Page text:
More MSL magic!

For the second day running we have a huge batch of crystal clear, hi resolution, colour images from Curiosity to drool over! Images like this…

 

Lovely detail visible on the hills in the background there.

So, if you take 21 of those, stitch them together and tidy ’em up a bit, what do you get? This… (you’ll need to click on it to enlarge it, as you probably guessed..!)

One section of that panorama stands out – over on the right hand side, where we can see some of thefoothills of Mt Sharp in really lovely detail. Take a look..

But not just horizon shots came down today, some more close-ups of the surface came back too…

Coming soon: images showing Mars’ largest moon, Phobos, crossing the face of the Sun…!

Magnificent Mars…

Oh boy…
A whole bunch of images came back from Curiosity today that… wait for it… YOU CAN SEE ACTUAL ROCKS ON!!! Yes, real images of Mars, rocks, dust and sky, that aren’t ruined by that godawful migraine-inducing cross-hatch Bayer filter pattern!! Here’s one of them…

YES! Look at that! THAT’S what we’ve been missing! THAT’S what we’ve wanted to see from the start, isn’t it? Maybe the calibration phase is over, and this is the beam of light at the end of the Bayer tunnel, and from now on we’ll be seeing lots more images that don’t need a James Bond gadget to see them… hope so!

Anyway, a whole bunch of these came down, like I said, and to my delight they all linked up to form a big, biiiiiiiig panoramic mosaic. And here it is. Obviously you’ll need to click on it to enlarge it… and I’ll warn you, it’s a big image, you can kiss the next few minutes goodbye because you’ll be panning around it for a while…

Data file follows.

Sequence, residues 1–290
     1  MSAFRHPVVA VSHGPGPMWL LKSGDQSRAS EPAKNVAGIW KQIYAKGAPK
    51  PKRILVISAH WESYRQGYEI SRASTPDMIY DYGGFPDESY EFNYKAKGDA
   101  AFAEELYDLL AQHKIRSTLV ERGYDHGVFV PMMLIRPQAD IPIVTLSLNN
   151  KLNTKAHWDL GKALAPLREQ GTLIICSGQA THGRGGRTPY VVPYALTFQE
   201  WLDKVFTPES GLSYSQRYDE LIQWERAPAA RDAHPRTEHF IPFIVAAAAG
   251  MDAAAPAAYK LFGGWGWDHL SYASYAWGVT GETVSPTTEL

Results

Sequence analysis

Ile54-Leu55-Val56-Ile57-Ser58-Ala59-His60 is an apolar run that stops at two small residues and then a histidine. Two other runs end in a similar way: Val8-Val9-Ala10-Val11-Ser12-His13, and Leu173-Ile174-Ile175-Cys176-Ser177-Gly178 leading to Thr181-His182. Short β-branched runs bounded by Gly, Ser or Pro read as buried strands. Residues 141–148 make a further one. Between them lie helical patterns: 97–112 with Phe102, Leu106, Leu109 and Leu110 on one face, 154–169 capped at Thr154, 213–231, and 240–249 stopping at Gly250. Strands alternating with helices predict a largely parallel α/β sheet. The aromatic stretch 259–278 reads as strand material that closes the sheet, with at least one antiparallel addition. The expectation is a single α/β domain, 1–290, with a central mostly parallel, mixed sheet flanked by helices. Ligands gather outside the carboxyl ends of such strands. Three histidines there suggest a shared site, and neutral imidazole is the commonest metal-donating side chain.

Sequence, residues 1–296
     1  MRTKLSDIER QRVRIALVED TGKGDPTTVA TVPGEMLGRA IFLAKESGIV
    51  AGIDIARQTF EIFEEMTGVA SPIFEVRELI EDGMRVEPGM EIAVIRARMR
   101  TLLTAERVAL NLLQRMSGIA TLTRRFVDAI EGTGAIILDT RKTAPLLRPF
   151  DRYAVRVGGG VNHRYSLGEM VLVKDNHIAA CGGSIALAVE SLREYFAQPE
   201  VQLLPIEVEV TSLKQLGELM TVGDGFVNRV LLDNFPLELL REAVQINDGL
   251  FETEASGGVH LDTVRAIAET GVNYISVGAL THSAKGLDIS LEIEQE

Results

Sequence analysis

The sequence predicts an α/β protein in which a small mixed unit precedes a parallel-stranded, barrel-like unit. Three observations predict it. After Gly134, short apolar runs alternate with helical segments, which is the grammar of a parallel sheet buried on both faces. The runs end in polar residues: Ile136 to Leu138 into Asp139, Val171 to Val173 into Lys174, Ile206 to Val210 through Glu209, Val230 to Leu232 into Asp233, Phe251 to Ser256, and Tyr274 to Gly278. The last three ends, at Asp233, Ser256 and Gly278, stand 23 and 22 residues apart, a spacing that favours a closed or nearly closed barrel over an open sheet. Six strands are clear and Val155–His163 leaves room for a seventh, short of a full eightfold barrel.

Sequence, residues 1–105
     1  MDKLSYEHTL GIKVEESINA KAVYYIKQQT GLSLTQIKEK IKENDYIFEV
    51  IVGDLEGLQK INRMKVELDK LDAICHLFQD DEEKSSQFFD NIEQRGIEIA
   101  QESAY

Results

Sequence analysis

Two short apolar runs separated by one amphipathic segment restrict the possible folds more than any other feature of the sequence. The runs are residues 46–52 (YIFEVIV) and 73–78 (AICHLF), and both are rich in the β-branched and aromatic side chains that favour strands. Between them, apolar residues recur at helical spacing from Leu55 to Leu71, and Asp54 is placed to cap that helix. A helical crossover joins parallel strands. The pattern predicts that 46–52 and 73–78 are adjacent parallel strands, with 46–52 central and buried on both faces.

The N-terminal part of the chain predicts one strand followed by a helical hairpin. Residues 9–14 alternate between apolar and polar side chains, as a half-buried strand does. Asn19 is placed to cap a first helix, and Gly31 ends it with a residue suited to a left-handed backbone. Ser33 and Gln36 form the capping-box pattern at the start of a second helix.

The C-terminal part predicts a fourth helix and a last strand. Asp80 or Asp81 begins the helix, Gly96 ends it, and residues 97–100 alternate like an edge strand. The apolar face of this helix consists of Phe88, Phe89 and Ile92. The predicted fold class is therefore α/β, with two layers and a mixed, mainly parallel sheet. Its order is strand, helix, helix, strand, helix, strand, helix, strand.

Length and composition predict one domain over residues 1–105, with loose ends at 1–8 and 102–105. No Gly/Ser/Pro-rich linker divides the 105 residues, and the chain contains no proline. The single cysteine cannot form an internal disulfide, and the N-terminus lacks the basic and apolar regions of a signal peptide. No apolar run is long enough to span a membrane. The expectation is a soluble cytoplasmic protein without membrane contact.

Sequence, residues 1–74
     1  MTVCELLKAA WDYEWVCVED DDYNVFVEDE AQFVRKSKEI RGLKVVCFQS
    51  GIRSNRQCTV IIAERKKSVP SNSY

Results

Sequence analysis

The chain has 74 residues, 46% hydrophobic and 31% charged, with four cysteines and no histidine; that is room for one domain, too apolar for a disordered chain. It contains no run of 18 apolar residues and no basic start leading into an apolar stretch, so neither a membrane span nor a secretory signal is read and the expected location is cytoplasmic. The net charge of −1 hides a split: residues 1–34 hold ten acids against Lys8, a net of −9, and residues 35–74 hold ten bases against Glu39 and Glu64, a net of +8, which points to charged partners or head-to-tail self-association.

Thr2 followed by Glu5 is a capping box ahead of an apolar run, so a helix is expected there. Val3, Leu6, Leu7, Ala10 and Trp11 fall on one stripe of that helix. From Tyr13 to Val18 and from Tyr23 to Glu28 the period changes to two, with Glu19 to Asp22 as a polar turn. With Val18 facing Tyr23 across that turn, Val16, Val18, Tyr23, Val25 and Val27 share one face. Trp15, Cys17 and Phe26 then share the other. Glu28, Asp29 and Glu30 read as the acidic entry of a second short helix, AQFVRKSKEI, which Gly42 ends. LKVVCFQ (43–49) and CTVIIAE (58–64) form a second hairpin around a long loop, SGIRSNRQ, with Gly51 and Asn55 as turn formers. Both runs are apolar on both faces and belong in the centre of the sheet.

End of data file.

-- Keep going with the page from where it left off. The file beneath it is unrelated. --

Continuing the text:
I love that picture, it really is the first real mosaic I’ve made which does Curiosity’s hunting ground justice. I really, really hope we get more images like those soon.

In the meantime, some more simple black and white images came back too, but thes were also without the Bayer filter effect, so I was able to stack a few together, sharpen them up, and what came out the other end was a rather breathtaking view of the dusty terrain between where Curiosity is and the foothills of Mt Sharp.

There’s a lot of detail in that image that hasn’t been apparrent before. Those dust dunes are… big, aren’t they? That’s not going to be straightforward driving; those dunes are nothing like the gentle, ankle-dusting dunes seen and crossed by Opportunity as she rolled towards Cape York. Those guys mean business.